In the movie Moneyball, based on the 2003 book by Michael Lewis, a young Yale-educated economist played by Jonah Hill explains to Oakland Athletics general manager Billy Bean, played by Brad Pitt, how baseball doesn’t know itself. “There is an epidemic failure within the game to understand what is really happening,” he says. This failure is found in a consistently flawed evaluation of individual performance where star players fetch salaries wildly out of proportion to their actual added value. He goes on:
People who run ball clubs, they think in terms of buying players. Your goal shouldn’t be to buy players, your goal should be to buy wins. And in order to buy wins, you need to buy runs.
He cites as an example Johnny Damon, the A’s star southpaw whom the Boston Red Sox had just pinched for $7.5 million. “When I see Johnny Damon,” he says, “what I see is an imperfect understanding of where runs come from.”
Hill’s character is loosely based on a real person, Paul DePodesta, a Harvard-trained economist who also played baseball for the Crimson. DePodesta and Bean built a championship team in a down market with a payroll that was literally a fraction of the richest teams in Major League Baseball. They did this by applying a more critical methodology to evaluating baseball players and their contribution to a winning record. Their approach was based on the eccentric scholarship of Bill James, a sausage plant security guard who self-published books about baseball statistics in his spare time in the 1970s and 1980s.
James dissected baseball’s ingrained assumptions about the relationship between measured player performance and game outcomes. He pitched virtually all fielding statistics (an “error,” he noted caustically, “is a record of what an observer thinks should have been accomplished”) as too noisy to draw any meaningful conclusions about its relationship to winning. He determined that some of the most-cited metrics of offensive performance such as RBIs, stolen bases, even batting average, had little to no direct relationship to runs and thus to wins. How can a low batting average not predict runs? Because it ignores walks and hits-by-pitching. The most reliable predictor of runs, James wrote, is on-base and slugging percentage.
By now the story of the Billy Bean’s A’s and the revolution in baseball statistics is well-known. But flawed methodology for determining cause and effect is lives on, notoriously in areas of social policy. Nowhere is this more the case than in the debate about firearms in the United States. Applying baseball statistics to gun violence may appear frivolous given the gravity of the subject. But the same reframing and close analysis applied in Moneyball can and should be applied to our approach to gun violence.
The focus on guns, like the focus of baseball on players, is misplaced in the debate over violence and death. Because, to borrow from Moneyball, the focus of gun control should not be the firearms themselves. The focus should be on the deaths caused by gun violence. The two are related, of course, just as buying baseball players is related to winning games. But the focus on gun control ignores what we’re really trying to do, which is to reduce violence that ends in fatalities. If we widen or shift our focus slightly, the relationships between violence, injury, death, and weapons become much more clear.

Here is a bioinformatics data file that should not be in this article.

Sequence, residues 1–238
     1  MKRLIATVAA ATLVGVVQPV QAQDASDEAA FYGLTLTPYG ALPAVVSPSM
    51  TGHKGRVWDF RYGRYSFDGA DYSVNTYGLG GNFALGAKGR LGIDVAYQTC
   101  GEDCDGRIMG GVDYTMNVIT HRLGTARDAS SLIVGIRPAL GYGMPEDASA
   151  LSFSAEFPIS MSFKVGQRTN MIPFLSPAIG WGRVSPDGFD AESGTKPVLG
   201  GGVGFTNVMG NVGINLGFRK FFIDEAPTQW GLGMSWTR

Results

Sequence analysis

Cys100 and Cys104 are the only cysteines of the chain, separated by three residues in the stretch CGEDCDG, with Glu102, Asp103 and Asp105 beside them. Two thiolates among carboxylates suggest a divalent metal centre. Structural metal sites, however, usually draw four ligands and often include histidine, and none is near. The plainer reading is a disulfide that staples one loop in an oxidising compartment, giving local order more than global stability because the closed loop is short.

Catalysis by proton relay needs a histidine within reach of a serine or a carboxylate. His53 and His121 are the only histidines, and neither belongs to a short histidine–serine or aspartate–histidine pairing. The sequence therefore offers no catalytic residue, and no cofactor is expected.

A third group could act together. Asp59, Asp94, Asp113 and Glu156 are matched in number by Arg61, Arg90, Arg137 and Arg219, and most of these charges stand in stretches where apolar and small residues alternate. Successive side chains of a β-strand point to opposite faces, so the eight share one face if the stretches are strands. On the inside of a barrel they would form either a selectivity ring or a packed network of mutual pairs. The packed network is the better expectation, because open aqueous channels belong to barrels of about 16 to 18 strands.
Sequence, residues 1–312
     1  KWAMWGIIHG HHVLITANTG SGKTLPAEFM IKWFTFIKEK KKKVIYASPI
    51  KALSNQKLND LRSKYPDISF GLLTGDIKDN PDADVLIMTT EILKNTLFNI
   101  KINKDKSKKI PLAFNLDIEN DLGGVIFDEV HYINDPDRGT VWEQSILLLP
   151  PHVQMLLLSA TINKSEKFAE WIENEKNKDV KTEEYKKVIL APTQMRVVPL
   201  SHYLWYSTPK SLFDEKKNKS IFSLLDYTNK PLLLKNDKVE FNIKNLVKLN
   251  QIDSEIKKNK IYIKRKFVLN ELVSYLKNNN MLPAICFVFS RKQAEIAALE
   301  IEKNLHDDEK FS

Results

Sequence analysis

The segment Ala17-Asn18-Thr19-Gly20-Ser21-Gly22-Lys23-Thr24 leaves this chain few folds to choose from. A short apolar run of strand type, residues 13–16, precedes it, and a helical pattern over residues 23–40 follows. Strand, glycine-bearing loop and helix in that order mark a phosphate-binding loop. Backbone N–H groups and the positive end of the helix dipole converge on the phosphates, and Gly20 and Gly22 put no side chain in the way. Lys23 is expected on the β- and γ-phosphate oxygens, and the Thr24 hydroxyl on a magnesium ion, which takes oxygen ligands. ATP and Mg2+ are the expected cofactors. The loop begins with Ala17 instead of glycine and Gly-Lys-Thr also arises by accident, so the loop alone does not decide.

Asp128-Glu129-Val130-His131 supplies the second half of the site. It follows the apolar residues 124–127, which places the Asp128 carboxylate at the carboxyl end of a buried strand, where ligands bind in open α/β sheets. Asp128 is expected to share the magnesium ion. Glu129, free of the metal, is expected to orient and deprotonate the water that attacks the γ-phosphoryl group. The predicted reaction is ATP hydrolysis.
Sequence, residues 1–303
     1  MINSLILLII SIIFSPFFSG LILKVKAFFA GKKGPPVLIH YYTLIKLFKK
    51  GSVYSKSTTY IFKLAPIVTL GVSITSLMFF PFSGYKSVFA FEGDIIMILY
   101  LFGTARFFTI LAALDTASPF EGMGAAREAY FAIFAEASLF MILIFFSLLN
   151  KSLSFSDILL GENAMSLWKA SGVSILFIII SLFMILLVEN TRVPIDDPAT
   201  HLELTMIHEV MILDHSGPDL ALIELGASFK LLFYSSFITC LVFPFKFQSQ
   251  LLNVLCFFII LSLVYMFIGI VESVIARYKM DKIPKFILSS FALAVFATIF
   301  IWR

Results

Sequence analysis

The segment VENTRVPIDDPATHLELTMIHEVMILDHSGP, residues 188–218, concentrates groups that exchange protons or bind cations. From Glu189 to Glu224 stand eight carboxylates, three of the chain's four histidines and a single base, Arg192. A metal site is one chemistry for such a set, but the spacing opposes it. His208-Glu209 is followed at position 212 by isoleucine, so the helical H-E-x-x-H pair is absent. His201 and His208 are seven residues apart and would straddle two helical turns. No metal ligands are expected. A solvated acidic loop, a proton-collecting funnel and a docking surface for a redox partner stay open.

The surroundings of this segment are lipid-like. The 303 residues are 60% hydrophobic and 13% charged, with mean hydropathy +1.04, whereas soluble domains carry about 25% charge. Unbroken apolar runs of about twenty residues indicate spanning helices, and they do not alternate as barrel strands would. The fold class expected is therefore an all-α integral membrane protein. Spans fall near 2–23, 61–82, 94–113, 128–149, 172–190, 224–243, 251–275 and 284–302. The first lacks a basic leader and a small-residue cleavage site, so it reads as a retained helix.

For example, it is a common assumption, especially in gun control advocacy, that more guns means more deaths. That appears to be borne out in readily available statistics, especially when we compare gun ownership in United States to similarly developed countries like Australia and the United Kingdom. But this relationship breaks down on closer examination. Here is where my Moneyball analogy applies. If we focus on deaths per population instead of firearms per population, we find the world upside down: The continental United States doesn’t make the top 10 among the most violent countries in the world.
Another examination of basic statistics demonstrates a weak relationship at best between the number of firearms and the death rate in the United States. It is estimated that the number of firearms has grown to about 400 million in the U.S. This proxy chart demonstrates the explosion in background checks, which are pegged to firearm sales, in just the last 20 years:
If we assume a direct relationship between firearm ownership and death, then the homicide and suicide rate should track gun sales. But they do not. In fact, U.S. deaths per population have remained in a fairly narrow band for more than 50 years:
More insight into this paradox can be found in ownership records. The percentage of households owning firearms has also remained relatively steady for the last 50 years (although it is on a slow downward trend since 1960). So where are all the new guns going? To households that already own guns. This is relevant because it further decouples the number of weapons from death rates. Unless households are getting bigger, there is little practical difference between an owner with one gun and an owner with ten. There is also little practical difference between someone killed with a gun and somebody killed with 10: the outcome is the same. Put simply, more guns in the same households does not result in more deaths.
This may appear to be a pro-gun argument but it is not. By shifting the attention from guns to deaths, we can get by the impasse between gun control advocacy and the pro-gun lobby. The lobby does not see gun control as the solution to the problem of gun violence. They believe more guns are the solution to gun violence: “the only answer to a bad guy with a gun is a good guy with a gun.” The lobby has legislated this mantra through the expansion of the castle doctrine, open carry, and stand your ground. In short, the answer to every mass shooting, family annihilation, homicide, or domestic abuse death is more guns. But this is also plainly not true. If it were, the trendline in deaths would be inverted to rising gun ownership.